In it’s present state, the form isn’t very accessible to people using screen readers, so we’re going to make some improvements by adding a legend to the fieldset, adding input names IDs (correction 01/05/11: names for php enabled forms, IDs for accessible form controls.  With thanks to Nick :)), and associating the input with it’s counterpart label using the ‘for’ attribute.  A brief note – there is some debate between accessibility experts on whether it’s better to wrap the input with it’s label, rather than creating sibling elements.  I think it’s a matter of personal preference – using the ‘for’ attribute creates an explicit association between the two elements.

As this form is contained within a basic page, it’s not necessary to define tab indices; the flow of the page is pretty basic and should tab in the correct order.  However, if you’re working with more complex markup, other elements on the page may interfere with the flow of the document – in this situation it’s best practice to define tab indices to assist with navigation of the page.

Once the modifications are complete, the markup will look like this:

    <legend>Contact Details</legend>
    <p><label for="name">Name</label><input id="name" type="text" /></p>
    <p><label for="company">Company</label><input id="company" type="text" /></p>
    <p><label for="email">Email</label><input id="email" type="email" /></p>
    <p><label for="telephone">Telephone</label><input id="telephone" type="tel" /></p>
    <p><label for="website">Website</label><input id="website" type="url" /></p>
    <legend>Project Details</legend>
      <label for="project-type">Type of Project</label>
      <select id="project-type">
        <option>HTML/CSS Build</option>
        <option>Custom jQuery Plugin</option>
        <option>Wordpress Template</option>
    <p><label for="completion-date">Projected Completion Date</label><input id="completion-date" type="date" /></p>
    <p><label for="project-budget">Estimated Budget (&pound;)</label><input id="project-budget" type="number" /></p>
    <p><label for="project-details">Additional Details</label><textarea id="project-details" rows="5"></textarea></p>
    <legend>Contact Preferences</legend>
      <span>Please contact me by&hellip;</span>
      <label><input id="contact-method" type="radio" value="Phone" checked="checked" /> Phone</label>
      <label><input id="contact-method" type="radio" value="Email" /> Email</label>
    <p><label for="contact-time">Best time to contact?</label><input id="contact-time" type="time" /></p>
    <p><input type="submit" id="submit" value="Submit Form" /></p>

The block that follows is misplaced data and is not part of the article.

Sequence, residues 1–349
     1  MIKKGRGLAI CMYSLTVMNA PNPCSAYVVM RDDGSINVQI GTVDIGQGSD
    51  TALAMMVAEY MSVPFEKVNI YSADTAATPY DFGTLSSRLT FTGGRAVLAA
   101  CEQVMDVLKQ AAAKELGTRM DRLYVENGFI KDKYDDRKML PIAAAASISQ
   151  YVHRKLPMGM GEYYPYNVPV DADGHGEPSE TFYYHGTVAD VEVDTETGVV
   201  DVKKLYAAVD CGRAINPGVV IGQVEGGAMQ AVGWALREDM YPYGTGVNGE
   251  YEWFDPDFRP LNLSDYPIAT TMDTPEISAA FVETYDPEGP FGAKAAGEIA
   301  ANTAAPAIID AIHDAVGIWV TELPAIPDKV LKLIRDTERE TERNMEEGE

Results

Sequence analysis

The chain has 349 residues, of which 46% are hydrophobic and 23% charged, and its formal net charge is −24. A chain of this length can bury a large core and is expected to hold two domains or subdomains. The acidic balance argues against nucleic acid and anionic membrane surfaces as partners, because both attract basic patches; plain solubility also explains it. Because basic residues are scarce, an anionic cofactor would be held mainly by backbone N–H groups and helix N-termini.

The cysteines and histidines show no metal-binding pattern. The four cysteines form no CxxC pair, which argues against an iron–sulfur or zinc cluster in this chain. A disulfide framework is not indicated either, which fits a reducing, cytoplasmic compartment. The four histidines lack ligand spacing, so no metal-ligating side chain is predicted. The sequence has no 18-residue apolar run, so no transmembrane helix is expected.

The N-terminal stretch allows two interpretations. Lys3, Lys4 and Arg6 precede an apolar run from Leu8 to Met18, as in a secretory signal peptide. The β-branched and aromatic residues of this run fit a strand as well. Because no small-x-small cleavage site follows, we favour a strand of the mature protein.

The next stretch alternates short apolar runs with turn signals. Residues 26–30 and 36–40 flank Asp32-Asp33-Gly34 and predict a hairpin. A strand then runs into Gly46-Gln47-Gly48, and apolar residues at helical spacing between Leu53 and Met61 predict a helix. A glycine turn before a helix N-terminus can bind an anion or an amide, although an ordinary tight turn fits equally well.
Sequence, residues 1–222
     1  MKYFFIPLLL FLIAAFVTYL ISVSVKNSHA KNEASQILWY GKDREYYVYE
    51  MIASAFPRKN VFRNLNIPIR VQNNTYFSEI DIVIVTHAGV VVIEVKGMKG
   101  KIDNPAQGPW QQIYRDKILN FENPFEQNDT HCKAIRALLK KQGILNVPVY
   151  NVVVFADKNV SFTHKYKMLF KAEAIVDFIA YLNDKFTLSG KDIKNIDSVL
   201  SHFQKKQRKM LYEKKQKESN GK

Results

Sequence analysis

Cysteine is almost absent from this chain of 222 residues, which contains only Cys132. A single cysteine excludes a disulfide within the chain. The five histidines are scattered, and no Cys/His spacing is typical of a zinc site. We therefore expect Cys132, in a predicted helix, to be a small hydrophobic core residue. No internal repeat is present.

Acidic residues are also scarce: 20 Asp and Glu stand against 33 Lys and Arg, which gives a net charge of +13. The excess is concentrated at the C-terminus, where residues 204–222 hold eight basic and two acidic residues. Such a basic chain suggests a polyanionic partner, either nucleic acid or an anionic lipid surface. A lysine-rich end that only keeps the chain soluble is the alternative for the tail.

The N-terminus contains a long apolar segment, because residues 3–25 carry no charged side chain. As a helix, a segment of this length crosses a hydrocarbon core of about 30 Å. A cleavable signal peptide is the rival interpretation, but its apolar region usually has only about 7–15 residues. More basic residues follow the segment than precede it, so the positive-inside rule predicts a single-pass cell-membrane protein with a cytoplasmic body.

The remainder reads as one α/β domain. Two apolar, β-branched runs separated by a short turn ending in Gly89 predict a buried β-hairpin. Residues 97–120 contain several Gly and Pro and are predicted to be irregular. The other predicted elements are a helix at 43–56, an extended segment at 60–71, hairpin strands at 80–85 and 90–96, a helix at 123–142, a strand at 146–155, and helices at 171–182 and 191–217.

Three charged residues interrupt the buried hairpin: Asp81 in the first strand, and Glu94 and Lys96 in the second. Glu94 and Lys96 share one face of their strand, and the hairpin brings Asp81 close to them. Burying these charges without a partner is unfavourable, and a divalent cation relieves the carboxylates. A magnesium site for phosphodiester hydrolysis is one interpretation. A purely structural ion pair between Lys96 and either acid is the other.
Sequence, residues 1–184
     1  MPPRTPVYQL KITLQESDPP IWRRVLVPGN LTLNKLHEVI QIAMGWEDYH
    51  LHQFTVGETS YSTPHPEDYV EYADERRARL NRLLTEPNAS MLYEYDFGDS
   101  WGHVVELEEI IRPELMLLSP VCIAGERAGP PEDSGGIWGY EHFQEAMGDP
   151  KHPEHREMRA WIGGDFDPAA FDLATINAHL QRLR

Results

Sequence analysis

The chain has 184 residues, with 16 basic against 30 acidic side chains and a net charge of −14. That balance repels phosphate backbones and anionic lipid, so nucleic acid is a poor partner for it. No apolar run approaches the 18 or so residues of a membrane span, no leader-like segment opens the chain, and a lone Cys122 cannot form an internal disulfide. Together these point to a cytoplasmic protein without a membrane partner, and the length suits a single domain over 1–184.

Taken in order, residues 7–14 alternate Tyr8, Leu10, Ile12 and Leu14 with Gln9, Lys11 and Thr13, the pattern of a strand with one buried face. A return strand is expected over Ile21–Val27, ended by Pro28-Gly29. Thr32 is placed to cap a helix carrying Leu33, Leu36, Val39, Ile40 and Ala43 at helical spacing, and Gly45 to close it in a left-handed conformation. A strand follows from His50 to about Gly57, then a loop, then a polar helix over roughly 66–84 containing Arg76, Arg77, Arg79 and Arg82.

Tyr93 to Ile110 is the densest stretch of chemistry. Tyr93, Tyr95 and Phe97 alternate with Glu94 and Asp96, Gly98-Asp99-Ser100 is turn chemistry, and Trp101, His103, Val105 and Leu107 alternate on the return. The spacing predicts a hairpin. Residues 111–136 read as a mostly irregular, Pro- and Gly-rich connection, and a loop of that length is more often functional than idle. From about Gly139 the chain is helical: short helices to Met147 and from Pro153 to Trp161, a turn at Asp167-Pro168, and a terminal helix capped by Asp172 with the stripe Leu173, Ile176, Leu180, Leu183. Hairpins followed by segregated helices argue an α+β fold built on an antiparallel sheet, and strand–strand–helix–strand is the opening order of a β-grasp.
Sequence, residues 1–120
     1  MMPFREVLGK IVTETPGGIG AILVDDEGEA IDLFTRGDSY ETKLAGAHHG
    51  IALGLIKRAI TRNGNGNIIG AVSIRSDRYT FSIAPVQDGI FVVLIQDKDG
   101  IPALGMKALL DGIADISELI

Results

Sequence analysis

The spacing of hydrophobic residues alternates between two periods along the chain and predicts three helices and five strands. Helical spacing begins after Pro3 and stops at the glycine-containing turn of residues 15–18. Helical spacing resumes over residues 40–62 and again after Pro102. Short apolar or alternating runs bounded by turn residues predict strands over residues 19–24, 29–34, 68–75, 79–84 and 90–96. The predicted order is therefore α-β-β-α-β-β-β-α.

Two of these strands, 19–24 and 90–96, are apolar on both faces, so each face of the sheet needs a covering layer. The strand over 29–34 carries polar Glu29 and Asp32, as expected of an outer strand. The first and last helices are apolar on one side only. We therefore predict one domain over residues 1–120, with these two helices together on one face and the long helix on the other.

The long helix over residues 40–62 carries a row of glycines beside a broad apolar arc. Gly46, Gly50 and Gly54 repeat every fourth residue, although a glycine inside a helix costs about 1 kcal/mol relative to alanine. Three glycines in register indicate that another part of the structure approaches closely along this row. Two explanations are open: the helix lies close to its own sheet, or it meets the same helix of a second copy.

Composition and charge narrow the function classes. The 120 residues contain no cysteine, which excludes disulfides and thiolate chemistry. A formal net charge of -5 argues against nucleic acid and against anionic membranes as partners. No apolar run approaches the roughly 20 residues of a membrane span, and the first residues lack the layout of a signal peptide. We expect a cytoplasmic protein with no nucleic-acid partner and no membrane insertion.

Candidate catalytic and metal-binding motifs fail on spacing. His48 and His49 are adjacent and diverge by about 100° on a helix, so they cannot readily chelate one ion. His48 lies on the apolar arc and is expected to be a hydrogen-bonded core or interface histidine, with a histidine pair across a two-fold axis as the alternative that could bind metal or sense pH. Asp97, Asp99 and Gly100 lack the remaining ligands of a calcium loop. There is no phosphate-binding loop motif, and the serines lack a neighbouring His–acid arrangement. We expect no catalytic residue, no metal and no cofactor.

View Demo

Next time, we’ll be looking at sprucing our form up a bit with CSS. Stay tuned.

Photo Credit: Trevor Dennis on Flickr

HTML5 Doctype: Make the Switch!

There is a great deal of confusion surrounding the implementation of HTML5 amongst some developers.  Some believe that we shouldn’t be using HTML5 because it’s not ‘ready’, and that using the HTML5 doctype is dangerous because older browsers don’t support HTML5.

Lets be clear: you can switch to using the HTML5 doctype in your projects right now; the new features may not be supported in older browsers.  For example, IE doesn’t support the new structural elements (header, nav, article, section, aside, footer), and needs a little CSS & JavaScript support to get them to work.  The doctype however works perfectly well.  The main practical effect of switching

<!DOCTYPE HTML PUBLIC "-//W3C//DTD HTML 4.01 Transitional//EN" "">


<!DOCTYPE html PUBLIC "-//W3C//DTD XHTML 1.0 Transitional//EN" "">


<!DOCTYPE html>

is that standards mode is triggered.  There’s no excuse for not using a strict doctype in either case.

So why make the switch?  There are two main reasons, the first is to simplify your markup.  You get to write less code, and shave a few bytes off the document size.  The second is to enable you to use some of the features of HTML5 in newer browsers now, whilst ensuring graceful degradation in older browsers.

It’s analogous to the situation with CSS2.1/CSS3 in some respects.  You might create a fancy button with a gradient background, rounded corners and text shadow with CSS3 for newer browsers; the same button in IE would be square, have a flat background colour and no text shadow.  You have the option to prop up IE with graphics in a conditional stylesheet, or just leave it like it is.  It’s the same case, for example, with the new date input type – this will gracefully degrade into a text input in browsers that don’t support it; it’s up to you whether you want to implement a JavaScript date picker or not.

Just because some features aren’t supported by older browsers, doesn’t mean we can’t use them!  If we thought like that then we’d all still be limited to CSS1, as IE8 is the only browser to support CSS 2.1 completely.

What I’m listening to right now: Radiohead – “Where I End and You Begin”